The trial against police officer Derek Chauvin for the death of African American George Floyd has ended this Monday and awaits a verdict in a climate of high tension in Minneapolis, with public schools closed as a precaution and the military of the National Guard deployed in the streets. In his final argument, prosecutor Steve Schleicher has asked the jury to believe “what their eyes saw” and “what they felt in their guts.” “This was not a police operation, it was murder,” he stressed. That deadly May 25 arrest, recorded on video, sparked the largest wave of anti-racism protests in 50 years, and the United States looks to this 6th Street courthouse as a place to deliver a message to the world.
“I can’t breathe.” George Floyd’s last words before he died, turned into a national cry against racism, these days appear everywhere one steps in Minneapolis, written on cars, on T-shirts, in windows or on the cash register of any store . This rich city in the State of Minnesota, an icy piece of the United States attached to Canada, has seen its history change with the death of Floyd and is now about to illuminate the final moral. Famous civil rights activists, such as the Reverend Jesse Jackson and Al Sharpton, have arrived in court amid light snowflakes to accompany the family on the final day of trial.
“Use common sense, believe what your eyes saw, you have seen what you have seen,” Schleicher, Minnesota’s special assistant prosecutor, told the jury on Monday. This process, he stressed, “is not against the police, it is a process in favor of the police.” Chauvin, 45, “betrayed his badge, abandoned his values and his training and killed a man,” he added. Schleicher has spent about two hours in an exhibition in which he has tried to humanize Floyd, talk about his problems to emphasize that, although at first he did not collaborate with the agents who wanted to arrest him, “he was not a threat” and Such use of force was not justified.
The trial began three weeks ago with the viewing of Floyd’s arrest and death, a nine-minute, 29-second video in which a 46-year-old black man is seen lying on the ground, with the knee of a policeman in the neck, while claiming that he cannot breathe, he begs to be left, he ends up delirious and invokes his deceased mother to end up immobile, unconscious, dead, without the knee of the uniformed man moving from there. Two other officers (who are awaiting trial) help him retain him. The episode corresponds to May 25 of last year. That day, a patrol responded to a call from a store, Cup Foods, who reported that someone had paid them with a false $ 20 bill and brutally arrested Floyd while passers-by videotaped him and asked Chauvin to stop. Then he was silent and shortly after his heart stopped due to suffocation, according to the coroner and medical experts provided by the prosecution.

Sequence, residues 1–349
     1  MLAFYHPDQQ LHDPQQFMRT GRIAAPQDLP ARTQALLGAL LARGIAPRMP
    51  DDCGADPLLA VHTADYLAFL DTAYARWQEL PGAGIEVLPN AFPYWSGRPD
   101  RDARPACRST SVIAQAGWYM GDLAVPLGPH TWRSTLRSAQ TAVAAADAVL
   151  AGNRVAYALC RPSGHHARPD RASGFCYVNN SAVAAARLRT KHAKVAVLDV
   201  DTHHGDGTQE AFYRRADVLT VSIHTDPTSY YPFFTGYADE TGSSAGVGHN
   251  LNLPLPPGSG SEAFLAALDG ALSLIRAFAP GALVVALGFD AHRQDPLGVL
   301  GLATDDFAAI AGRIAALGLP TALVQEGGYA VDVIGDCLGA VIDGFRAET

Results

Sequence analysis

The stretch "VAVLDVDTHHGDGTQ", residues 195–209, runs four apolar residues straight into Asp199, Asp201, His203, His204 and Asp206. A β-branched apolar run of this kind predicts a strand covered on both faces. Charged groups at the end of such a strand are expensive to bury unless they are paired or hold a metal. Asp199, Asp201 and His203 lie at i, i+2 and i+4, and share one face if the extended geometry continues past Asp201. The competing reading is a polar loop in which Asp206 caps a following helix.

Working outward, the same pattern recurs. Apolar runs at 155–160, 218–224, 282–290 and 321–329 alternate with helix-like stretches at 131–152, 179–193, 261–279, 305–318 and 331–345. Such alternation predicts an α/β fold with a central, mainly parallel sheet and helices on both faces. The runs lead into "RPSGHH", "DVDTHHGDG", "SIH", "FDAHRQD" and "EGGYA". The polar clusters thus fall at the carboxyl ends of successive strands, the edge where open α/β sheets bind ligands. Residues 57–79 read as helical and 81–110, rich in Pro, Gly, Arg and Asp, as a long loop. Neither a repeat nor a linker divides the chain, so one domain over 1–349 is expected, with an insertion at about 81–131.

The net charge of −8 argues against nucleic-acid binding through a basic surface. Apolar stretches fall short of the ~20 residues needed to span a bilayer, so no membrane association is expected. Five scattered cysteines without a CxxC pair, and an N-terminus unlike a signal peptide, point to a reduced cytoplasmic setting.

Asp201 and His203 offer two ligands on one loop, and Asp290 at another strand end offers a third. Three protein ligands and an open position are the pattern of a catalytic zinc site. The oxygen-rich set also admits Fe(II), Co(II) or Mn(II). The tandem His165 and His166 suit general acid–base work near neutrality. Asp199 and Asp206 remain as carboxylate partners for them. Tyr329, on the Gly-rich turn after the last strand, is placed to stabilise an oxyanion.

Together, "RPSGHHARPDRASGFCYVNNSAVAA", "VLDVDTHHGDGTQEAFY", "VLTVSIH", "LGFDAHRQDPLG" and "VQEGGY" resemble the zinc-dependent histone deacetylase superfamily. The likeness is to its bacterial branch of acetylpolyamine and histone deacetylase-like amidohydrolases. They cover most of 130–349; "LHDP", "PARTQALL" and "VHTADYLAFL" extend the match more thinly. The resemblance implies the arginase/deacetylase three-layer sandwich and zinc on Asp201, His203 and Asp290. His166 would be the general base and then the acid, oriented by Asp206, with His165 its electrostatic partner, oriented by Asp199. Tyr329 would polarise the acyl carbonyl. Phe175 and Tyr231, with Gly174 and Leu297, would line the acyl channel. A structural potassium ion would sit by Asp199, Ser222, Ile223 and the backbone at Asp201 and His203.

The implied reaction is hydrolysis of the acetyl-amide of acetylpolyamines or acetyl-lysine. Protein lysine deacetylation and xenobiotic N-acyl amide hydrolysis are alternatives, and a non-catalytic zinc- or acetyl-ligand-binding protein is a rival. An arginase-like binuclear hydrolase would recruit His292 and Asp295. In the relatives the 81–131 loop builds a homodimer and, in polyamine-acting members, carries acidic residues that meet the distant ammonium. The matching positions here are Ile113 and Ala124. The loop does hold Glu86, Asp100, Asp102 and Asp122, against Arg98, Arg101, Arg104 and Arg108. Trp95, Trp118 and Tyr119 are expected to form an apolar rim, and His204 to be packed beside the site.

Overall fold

During three weeks of hearings, the defense attorney, Eric Nelson, has tried to counter the force of such images and tried to create a reasonable doubt in the jury, putting the accent on Floyd’s drug use to argue that he did not die of guilt. of an immobilization maneuver that, he maintains, was necessary because of the resistance he was putting up. The latter has been contested at trial by Minneapolis Police Chief Medaria Arradondo himself. In an unusual testimony, against a member of the body, Arradondo accused the agent of violating the rules of the department, because, although the immobilization maneuver with the knee in the neck is authorized, “once Floyd stopped resisting, [Chauvin] it should have stopped ”. The agent also breached his duty to provide medical help when he was shown unconscious.
“Those nine minutes and 29 seconds [del vídeo que ha dado la vuelta al mundo] they ignore the previous 16 minutes and 59 seconds, ”the defense attorney stressed on Monday. Nelson stressed that Floyd resisted early in the arrest: “Three police officers were unable to get him into the patrol car.”
Chauvin, who declined to testify, is charged with reckless manslaughter, second-degree murder (involves instant intent, but not premeditation), and third-degree murder (defined in Minnesota as that committed by someone who, while not seeking the objective of killing, causes death by acting dangerously, with a “depraved mentality” and without care for human life).
The jury, made up of a dozen men and women from the county, will now lock themselves in and isolate themselves in a hotel until they decide a verdict unanimously on each of those charges.
This is the trial of a man for the death of another man and that is what the jury must decide on, but something very similar to an episode in history weighs on his shoulders. The judge, Peter Cahill, reminded them that “their sole responsibility” is “to decide on factual issues.” Deliberations can take hours, days, or weeks. “Hope it will take a short time and get used to the idea that it will take a long time,” the judge warned last week. Outside, in the streets, in the concentrations and vigils that began that May 25 and are repeated these days, the sentence seems irrevocable. Also the conviction that the outcome of that cursed episode would have turned out differently if Floyd was a white man.
Subscribe here to newsletter from EL PAÍS América and receive all the informative keys of the current situation of the region.
#prosecutor #launches #latest #plea #convict #police #officer #Chauvin #Floyds #death #eyes #murder